Visual Arts

Two students, S1 and S2, were at the play dough centre, talking together and creating objects.

E: I like your creation. Tell me about what you are making,

S1: We’re baking cookies. Good cookies. Do you want one?

S2: I’m hungry!

E: Me too! What kind of cookies are you making?

S2: Chocolate chip! My favourite!

E: Who are you making the cookies for?

S1: Everyone!

E: Everyone in our class? You are going to need some help!

S3: What are you doing?

E: I am glad you are here. S1 and S2 want to make cookies for the whole class. Can you help?

S3: Can I have the rolling pin? What size do you want?

S4: What are you doing?

E: How many are in our class?

S1: You have all of the dough.

E: How much dough do we have all together? How big are you going to make the cookies?

S4: If we use this [playdough container rim] all of the cookies can be the same.

E: How thick should the cookies be? Can you find something on the table that is the right thickness?

S2: This marker cap?

E: I think that could work. Your cookie, and this marker lid are both about 1 cm thick. S2, can you please bring over our can of rulers? How can we use a rule or a marker lid to make all of the cookies the same size?

S4: You could go like this [ S4 shows how to lie the marker lid as a non-standard measure].

S3: We have a lot of work to do!

Consider what we learned about this group of students. An activity that many would question as to its educational purpose (it does not look like an academic activity) became the catalyst for both a  teaching opportunity and as assessment opportunity for mathematics. By guiding the play and the conversation,  I was able to extend the mathematical thinking of this group of children and to document my observations for future analysis and evaluation.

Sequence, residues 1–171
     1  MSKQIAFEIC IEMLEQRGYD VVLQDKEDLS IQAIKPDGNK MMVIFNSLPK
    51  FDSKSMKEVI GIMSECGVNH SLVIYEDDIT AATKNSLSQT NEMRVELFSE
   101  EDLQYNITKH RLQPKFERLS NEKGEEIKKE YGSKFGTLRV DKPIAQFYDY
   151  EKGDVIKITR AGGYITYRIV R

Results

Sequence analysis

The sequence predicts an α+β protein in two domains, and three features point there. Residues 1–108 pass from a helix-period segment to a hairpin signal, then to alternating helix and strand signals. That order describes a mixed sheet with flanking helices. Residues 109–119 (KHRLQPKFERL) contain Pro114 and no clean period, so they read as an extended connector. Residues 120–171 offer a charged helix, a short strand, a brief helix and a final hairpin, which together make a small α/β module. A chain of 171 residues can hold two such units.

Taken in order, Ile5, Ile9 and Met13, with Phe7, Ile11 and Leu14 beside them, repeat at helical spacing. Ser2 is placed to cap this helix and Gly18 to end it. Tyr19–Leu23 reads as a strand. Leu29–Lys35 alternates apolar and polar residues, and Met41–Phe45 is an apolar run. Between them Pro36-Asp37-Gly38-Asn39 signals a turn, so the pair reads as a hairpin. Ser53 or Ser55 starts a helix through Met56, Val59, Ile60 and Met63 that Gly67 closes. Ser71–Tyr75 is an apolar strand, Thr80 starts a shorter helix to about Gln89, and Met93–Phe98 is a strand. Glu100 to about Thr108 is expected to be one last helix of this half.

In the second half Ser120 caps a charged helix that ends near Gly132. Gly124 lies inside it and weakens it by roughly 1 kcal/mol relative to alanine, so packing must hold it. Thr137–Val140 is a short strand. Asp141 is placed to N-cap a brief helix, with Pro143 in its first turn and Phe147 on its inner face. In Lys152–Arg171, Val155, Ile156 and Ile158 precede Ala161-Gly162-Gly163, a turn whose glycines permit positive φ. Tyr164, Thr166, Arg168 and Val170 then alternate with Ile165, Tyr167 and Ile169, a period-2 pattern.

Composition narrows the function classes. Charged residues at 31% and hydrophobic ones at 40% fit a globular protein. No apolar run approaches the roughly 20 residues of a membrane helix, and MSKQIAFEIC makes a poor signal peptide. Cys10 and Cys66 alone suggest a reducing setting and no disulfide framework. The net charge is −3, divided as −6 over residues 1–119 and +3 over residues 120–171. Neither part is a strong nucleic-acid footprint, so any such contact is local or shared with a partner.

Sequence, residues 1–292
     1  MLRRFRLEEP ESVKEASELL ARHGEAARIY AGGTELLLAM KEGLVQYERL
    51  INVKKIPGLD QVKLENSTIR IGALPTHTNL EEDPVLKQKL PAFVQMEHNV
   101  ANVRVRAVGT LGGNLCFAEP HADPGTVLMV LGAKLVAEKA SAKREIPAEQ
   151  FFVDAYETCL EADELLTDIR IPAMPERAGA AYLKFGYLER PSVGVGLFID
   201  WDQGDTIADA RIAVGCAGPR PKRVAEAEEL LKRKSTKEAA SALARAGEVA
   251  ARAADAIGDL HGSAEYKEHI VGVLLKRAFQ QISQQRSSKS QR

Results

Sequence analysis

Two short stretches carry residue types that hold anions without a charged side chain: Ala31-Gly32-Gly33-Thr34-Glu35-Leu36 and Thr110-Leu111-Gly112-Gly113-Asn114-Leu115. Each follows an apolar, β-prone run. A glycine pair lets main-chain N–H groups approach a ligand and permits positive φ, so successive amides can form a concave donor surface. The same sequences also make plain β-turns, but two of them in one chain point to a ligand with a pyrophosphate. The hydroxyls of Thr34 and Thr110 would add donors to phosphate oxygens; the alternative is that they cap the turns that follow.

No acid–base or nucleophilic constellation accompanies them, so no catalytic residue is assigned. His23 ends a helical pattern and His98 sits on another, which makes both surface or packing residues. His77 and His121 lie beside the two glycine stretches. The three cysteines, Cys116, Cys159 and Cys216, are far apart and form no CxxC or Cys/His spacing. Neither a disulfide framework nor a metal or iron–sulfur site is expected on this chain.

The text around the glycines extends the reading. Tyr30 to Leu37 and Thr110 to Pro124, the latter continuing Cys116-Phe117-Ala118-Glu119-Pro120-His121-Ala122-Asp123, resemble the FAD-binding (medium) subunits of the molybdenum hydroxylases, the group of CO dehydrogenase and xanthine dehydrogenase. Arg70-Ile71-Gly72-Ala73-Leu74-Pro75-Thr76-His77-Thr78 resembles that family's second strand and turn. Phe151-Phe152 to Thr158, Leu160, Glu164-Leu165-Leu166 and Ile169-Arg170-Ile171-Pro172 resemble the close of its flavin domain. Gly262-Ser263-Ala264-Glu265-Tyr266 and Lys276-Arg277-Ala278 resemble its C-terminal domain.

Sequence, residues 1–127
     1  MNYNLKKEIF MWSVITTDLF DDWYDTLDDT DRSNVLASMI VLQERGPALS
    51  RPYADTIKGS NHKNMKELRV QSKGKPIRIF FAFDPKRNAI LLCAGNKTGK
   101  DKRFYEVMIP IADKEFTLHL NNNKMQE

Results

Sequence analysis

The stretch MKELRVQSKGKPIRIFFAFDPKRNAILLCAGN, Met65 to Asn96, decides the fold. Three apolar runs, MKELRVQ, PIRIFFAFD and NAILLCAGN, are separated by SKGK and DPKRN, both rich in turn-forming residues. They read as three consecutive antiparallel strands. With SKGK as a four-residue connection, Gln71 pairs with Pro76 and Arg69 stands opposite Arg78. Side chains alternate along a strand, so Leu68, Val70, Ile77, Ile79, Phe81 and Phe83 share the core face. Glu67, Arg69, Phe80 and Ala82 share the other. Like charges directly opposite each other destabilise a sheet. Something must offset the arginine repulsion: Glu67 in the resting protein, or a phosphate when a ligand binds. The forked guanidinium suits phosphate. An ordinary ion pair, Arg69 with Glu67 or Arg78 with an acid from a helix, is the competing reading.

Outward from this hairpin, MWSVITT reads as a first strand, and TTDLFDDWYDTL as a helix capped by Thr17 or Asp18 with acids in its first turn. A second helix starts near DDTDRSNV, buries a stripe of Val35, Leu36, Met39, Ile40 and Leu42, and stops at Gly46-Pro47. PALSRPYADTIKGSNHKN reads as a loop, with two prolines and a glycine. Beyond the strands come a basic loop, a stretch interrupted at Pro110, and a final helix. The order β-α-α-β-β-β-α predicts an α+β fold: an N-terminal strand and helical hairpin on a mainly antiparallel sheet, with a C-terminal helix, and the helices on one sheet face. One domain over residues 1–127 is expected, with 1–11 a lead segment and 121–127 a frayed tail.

The teacher observed that Kayann was at the paintng centre and was mixing paint colours together on her picture.


T–”How were you able to make that colour Kayann?”

S–”First you take some red and then you mix in some blue, like this, and you get purple!”

T–”That’s great! Do you know how to make any other colours?”

S–”Yes! If you mix some red with some yellow, like this, (she demonstrates on her painting) you get orange!”

T– “Wow! That’ amazing!”


S–”And I can make another colour too, like this. (She mixes yellow and blue) Look! I get green!”

T–”You’ve made some interesting colours. I wonder if you can make any more. What do you think will happen if you try to mix the three colours you’ve mixed already–some red, blue and yellow.”


S–”Let’s see. Can I just try it?” 

She mixes the three colours together.

S–”OH!!! A mud colour! Brown! I found out how to make brown! It’s kind of a muddy colour!”

T–”That’s exciting!”

S–”Yes, and you know, I know how to make another colour..I know how to make white, but I can’t tell you how because it’s a secret!. I can tell you just a little. Some of the colours you use are pink and yellow but that’s all I can tell you!”


Kayann then invited a friend to join her and she asked her to add some ideas of her own to the painting. Another student, Sarah, sat down beside them and discussed the painting.

Sarah–”I really like your painting Kayann. I want to copy some of it because your painting is so beautiful. But I’m going to make some other things in my painting too.”

Kayann allowed her to copy it for a short time and then she removed her painting from the easel.


Sarah–”I didn’t put a tree like Kayann but I put a pink sky and some dots and the stars are moving.

T–”How did you show that the stars are moving?”

Sarah–”I put some stripes beside the stars so that tells you that they’re moving!”

T–”That’s a good idea!”

Sarah–”O.K! I’m done!”

This has been an area of focus for us. We moved this space to be close to the windows so that the natural light could shine into the studio.


We added a new shelf for our clear bins of creative materials. The clear bins allow the children to make independent choices. They will be filled with the collections of an assortment of found materials that children will bring in. Just like we did at the end of last year, we have planned for the children to work with the materials without fastening or gluing any of them down right away. We realized that this allowed for more experimentation and creativity. Last year we just had an easel in the centre so this whole area is different now. We are going to talk with the children about sorting materials and giving them places to save their work so they can return and continue working. We used folders and are storing them on the shelf.

We will include a sample in a future blog.

We were inspired by the book Beautiful Stuff – Lela Gandidni